Journalism Versus Ethics

I was asked recently if I follow standards of journalistic ethics, to which I replied, “Of course not, there are no ethics in journalism.” Most journalistic organizations do pronounce to have them, at least by their own estimation. Either way, I do not consider myself a journalist. I am a correspondent. I correspond between the “little people” and their beloved local government agencies.
Journalists have resource budgets and people to research for them and things like that. I produce this entire newsletter by myself, every single week. Journalists often work for big corporations that have major advertisers like car lots and hot shot attorneys and high-priced children’s clothing retail outlets. Covington Weekly is owned by Chelsea and we represent downtown Covington, small “mom and pop” enterprises, mostly.
I have a mass communication degree with an emphasis in television production and video editing. I communicate. Sometimes the things I communicate do not jive with what our elected (or, in some cases appointed) officials want to hear. Well that’s too bad, as they say, because in the words of New Orleans’ exiting FBI Director Jeffrey Sallet, Louisiana is about at corrupt as it gets. It takes the people actually wanting change to make the change from corruption to non-corruption happen, and that is where Covington Weekly plays a small role. This is about educating people on what is happening around them, and often with their own money, no less.

I was told recently to get a “real” job. My job is very real to me; I engage people in the business community every single day. I engage members of the public every single day. That information is processed and compared to the official stances, then translated into the words written in Covington Weekly. This is what I do.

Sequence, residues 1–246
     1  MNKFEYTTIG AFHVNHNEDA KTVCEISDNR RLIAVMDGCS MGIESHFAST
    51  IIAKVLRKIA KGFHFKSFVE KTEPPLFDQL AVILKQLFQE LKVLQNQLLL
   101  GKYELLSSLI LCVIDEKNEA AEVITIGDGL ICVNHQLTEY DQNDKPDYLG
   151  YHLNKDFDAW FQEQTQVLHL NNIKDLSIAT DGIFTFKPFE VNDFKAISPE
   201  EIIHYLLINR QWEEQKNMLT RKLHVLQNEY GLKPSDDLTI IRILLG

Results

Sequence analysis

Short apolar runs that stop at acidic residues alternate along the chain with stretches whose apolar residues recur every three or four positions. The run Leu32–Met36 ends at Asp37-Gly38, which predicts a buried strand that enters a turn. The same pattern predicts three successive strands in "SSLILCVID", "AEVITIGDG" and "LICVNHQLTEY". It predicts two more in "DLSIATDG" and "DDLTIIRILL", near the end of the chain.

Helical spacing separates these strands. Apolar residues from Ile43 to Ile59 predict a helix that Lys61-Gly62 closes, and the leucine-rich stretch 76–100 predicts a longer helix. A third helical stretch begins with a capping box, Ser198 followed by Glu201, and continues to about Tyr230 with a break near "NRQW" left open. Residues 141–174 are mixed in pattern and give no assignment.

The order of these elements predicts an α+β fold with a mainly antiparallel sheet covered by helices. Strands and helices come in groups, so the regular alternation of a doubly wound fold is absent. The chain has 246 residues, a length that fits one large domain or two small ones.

When things get out of balance, it is necessary to re-balance them. I worked for a twin broadcast station once. I left that position because of ethical conflicts. Their business practices were questionable with regard to prioritization, but the station(s’) refusal to run a story about the negative impacts of an industrial operation on a local farming community, solely because of conflicting legal representation, made the decision to leave an easy one. Because we do not agree with that type of business practice, Chelsea and I devised the model for Covington Weekly that you are currently reading.

Information that is found in the public realm, that is, publicly accessible through a simple internet search, is in
my opinion as CW correspondent considered Fair Game. Doubly so with regard to public officials. To echo Sallet again, the burden of eliminating corruption also falls on the public, who must demand that the said corruption be eliminated. Information is where the cycle must be broken, because controlled media outlets will yield controlled information. Control of information is the opposite of telling the truth.
“Government works for the citizens, the citizens do not work for government..”- Jeffrey Sallet, FBI, N.O. Division
Timothy Achan Gates, CW Correspondent Email: Tel: 985-288-9609